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In late 1992 at St. Andrew’s Episcopal Church, Yaphank, NY, our priest Richard Chapin brought in an observation beehive to explain how honeybees work to produce honey to the Sunday school children.  I was instantly captivated by what Father Chapin was showing to us all, and vowed someday to have my own beehives. I only wished I had taken the time to visit his home and ask a million questions!

Fast forward to spring 2019, and with the help of a young mentor, Reed Lucas, I was on my way to becoming a beekeeper.  With the help of Reed and extravagant start up costs for the equipment, the first hive was installed, and began thriving.  After several weeks, the hive was doing so well that we added another box to the top, and then another.  Because the first hive was so successful and because there was an off chance the bees would swarm, we started another hive.  Both hives flourished in the summer months and into autumn. 

When the weather began to turn into frosty nights and mornings, it was time to prepare the hives for winter.  The large hive was wrapped in a Bee Cozy with additional plastic wrap to ensure the bees stayed warm.  A moisture box was placed on the top with pine shavings; food patties and mite protection were the last additions for winterization.  The second hive, being so much smaller was not wrapped up as securely, but with the addition of hay bales placed nearby to protect the hives, all was ready.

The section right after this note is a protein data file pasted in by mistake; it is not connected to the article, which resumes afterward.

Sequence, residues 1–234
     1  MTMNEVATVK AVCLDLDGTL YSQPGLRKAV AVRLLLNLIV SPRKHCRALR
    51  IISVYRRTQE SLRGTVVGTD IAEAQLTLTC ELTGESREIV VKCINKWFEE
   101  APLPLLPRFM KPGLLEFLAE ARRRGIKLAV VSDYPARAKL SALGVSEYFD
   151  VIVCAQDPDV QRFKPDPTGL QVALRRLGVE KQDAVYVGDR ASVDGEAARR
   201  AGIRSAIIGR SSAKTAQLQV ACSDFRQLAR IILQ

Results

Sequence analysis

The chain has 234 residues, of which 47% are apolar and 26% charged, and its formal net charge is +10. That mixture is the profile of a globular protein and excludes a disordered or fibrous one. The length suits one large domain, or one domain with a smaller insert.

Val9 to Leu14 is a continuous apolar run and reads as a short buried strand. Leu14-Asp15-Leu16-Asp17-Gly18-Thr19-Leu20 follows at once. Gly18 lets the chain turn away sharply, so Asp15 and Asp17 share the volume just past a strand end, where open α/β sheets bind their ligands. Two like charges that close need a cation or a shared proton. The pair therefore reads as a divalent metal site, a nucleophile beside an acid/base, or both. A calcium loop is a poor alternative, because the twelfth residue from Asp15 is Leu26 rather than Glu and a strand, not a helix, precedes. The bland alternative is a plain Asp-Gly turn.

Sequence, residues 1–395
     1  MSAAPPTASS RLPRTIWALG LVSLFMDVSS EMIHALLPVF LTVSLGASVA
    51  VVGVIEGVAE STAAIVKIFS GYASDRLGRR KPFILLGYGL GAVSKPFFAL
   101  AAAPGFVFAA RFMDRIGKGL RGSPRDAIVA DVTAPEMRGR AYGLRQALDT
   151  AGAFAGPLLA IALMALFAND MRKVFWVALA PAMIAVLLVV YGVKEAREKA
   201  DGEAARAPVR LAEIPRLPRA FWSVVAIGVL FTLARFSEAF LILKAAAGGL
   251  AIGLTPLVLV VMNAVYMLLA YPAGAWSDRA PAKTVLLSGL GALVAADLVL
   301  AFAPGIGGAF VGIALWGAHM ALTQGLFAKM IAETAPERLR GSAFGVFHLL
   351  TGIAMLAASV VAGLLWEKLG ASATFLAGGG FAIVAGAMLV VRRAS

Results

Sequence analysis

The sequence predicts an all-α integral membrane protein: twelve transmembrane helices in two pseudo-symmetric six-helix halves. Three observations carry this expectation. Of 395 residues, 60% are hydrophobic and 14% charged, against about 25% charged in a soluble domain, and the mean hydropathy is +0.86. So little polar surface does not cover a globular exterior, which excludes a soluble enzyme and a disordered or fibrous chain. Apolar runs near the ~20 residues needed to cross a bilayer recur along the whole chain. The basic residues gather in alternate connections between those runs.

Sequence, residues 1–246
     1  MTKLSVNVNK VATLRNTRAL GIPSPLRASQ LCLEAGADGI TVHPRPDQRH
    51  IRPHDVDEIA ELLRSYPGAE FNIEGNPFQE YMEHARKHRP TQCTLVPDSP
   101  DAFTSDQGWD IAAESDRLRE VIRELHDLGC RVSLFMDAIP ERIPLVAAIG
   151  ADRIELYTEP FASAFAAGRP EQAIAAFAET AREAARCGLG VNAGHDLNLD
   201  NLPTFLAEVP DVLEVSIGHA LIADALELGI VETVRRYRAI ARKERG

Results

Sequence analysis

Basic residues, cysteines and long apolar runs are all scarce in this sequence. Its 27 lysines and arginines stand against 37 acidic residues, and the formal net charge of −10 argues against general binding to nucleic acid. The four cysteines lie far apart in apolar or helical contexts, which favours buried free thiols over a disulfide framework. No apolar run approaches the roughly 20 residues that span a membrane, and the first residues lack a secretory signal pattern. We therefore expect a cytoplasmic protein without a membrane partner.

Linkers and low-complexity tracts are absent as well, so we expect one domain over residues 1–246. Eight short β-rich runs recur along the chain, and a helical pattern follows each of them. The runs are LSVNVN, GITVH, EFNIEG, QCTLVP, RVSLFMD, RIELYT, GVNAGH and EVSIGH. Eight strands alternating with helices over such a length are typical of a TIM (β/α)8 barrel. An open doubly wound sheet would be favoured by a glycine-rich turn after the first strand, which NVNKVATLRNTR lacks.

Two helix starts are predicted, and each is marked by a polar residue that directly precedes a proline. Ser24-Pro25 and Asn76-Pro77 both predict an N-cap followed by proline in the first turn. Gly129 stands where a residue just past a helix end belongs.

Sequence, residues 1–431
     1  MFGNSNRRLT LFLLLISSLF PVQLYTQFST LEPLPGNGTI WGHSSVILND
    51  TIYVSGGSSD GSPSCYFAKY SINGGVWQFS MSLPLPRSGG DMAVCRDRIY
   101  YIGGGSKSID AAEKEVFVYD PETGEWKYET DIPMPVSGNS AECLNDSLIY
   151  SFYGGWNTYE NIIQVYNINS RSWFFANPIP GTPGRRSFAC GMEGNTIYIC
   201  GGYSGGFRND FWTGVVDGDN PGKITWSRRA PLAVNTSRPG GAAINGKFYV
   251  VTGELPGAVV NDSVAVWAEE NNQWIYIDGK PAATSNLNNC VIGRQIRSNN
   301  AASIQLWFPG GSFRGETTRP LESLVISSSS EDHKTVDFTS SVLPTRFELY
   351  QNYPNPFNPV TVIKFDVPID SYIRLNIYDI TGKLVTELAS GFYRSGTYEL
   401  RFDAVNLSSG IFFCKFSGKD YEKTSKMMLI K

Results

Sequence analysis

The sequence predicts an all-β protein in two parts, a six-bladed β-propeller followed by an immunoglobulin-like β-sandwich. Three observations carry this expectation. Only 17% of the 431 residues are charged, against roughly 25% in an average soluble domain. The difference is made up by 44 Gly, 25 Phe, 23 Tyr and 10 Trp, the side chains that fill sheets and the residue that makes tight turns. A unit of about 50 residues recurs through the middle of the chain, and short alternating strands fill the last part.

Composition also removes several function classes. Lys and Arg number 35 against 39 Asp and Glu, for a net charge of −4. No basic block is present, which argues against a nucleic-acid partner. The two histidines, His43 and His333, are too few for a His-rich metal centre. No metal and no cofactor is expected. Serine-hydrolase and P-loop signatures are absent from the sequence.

As is the case of our fickle Central New York weather, we can have minus temperatures for a week and then temperatures will soar into the 30’s and 40’s before it plummets again.  It is impossible to gauge the comfort in a hive, but unfortunately during a routine inspection, the largest hive had died. This was most likely due to the heat and small passages for the bees to leave and re-enter the hive.  Cleaning out the hive was heartbreaking as I realized all the honeybees had died because they were too well taken care of by us humans.  We were too proactive. Lessons learned, and care will be minimal next year.

The sweet result was that I harvested 11-quart jars of honey in February.  My heart hurt every time I slid a frame into the extractor, and while turning the crank, I must admit, there were tears.  It was a melancholy time for our first harvest, and because of that I called it “Mourning Honey”. Sharing with family and friends has been a healing balm, and I am happy to report that they love the results.  Flavorful and dark from the pollen collected from our Fernwood Farm wild flowers, it is a taste sensation!

The lessons learned have been invaluable and have taught us how amazing God’s creation is in all of this. For thousands of years, honeybees took care of themselves so I have determined that less is more during the next season.  We’ll start a brand new nuc hive in April, and hope that my next harvest results will become “Happy Honey”!